Grouping Rows in the Report Outline

To determine what data we should use for grouping, we’ll need to refer back to our initial question: “How many Opportunities exist for each of the Lead Sources?”

By taking a second look at the report, we can see that if we group information by the Lead Source, we’d be able to view the report data in format that’s more likely to answer our question.


  • Summarize the Lead Source by either: 1) click and drag the Lead Source column in the report Outline into the Group Rows section, or 2) click the dropdown arrow in the Lead Source column and click Group Rows by This Field.

Drag to Group Salesforce Group Rows by this Field Salesforce

  • In the farthest column to the left, the Lead Source column values are now grouped by rows. This report format gives us the ability to answer our initial question by viewing the Subtotals for each Lead Source value.

Subtotals Salesforce

Using the Summarize Option on a Numeric Column

Another way to summarize reports in Salesforce is by using the Summarize option for numeric columns. In our report example, the Amount field is a numeric column, so we will summarize by this field. Click the down arrow in the Amount column header, then mouse over the Summarize option. Four options are available to summarize this column: 1) Sum, 2) Average, 3) Max, and 4) Min.

Summarize Numeric Column Salesforce

Once we select one of the options, the selected summary option will appear in the Subtotal row. For example, select the Sum Doing so, adds a check mark next to the Sum option.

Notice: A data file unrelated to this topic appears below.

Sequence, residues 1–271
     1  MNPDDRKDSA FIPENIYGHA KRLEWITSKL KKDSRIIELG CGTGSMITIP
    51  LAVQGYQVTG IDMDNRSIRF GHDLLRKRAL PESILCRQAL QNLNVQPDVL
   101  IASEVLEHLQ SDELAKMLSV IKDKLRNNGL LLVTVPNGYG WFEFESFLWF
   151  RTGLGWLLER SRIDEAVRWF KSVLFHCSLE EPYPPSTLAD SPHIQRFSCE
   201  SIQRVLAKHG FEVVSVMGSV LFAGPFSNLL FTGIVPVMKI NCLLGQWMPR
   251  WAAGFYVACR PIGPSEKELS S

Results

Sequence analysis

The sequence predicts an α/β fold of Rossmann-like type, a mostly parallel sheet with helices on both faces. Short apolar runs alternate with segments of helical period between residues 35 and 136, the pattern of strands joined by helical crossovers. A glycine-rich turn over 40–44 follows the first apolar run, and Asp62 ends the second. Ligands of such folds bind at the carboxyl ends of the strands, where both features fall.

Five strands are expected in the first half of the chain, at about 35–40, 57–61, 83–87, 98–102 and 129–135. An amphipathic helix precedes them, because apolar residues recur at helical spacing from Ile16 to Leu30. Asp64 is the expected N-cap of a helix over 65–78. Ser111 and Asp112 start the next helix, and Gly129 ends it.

Checkmark on Summarized Option Salesforce

The values for the chosen summary option also show with respect to the Lead Source grouped row.

  • Without the Sum Summary option:Without Summary Salesforce
  • With the Sum Summary option:With Summary Salesforce


To select multiple Summary options for the report at the same time, check more than one option in the list.

Multiple Summarize Options Salesforce Multiple Summarize Options Displayed Salesforce

Summary options allow us to answer questions like, “What is the total Amount of all Opportunities with an ‘External Reference’ Lead Source?” or “What is the average Amount of all Opportunities with a ‘Word of Mouth’ Lead Source?”


Back to Creating a Summary Report in Salesforce…

  1. Finally, click the Run button in the top right corner to run the full report.Run Report Salesforce
  2. Notice that the summary options we selected also display for the entire report in the report header.Summarized in Header Salesforce
  3. In the top right-hand corner of the report, click the down arrow to see more report actions. Then click Save.                                                         Save Report Salesforce
  4. To save the report, we have to name it and decide where to store it. Enter the below information for the report:
    • Report Name: Opptys by Lead Sources with Averages.
    • Report Unique Name: Enter a unique name, or tap the Tab button while the cursor is in the Report Name textbox. By clicking the Tab button, Salesforce generates a unique name for you.
    • Report Description: Summary Report that shows all Opportunities grouped by Lead Sources and with Summarized and Average amounts by Lead Sources.
  5. Click Select Folder to select the Public Reports folder to store this report, and then click Save.Report Details Salesforce
  6. To go back to our saved report, navigate to the Reports tab again. Select either the default “Recent” reports list or the “Public Reports” list to view the new report. In this view, we can also see the Report Name, Description, and other information.Locate Salesforce Report


Salesforce Summary reports are best used for data that needs a simple grouping or summary. They can also be used with dashboards to more easily visualize the grouped and summarized data.

Start at the beginning of the reporting blog series with “Reporting pt. 1: Report Types and Formats.” Or continue learning about Salesforce Reporting in the next post, “Reporting pt. 4: Matrix Reports.”


Additional Report Information:

Cover Photo by Priscilla Du Preez on Unsplash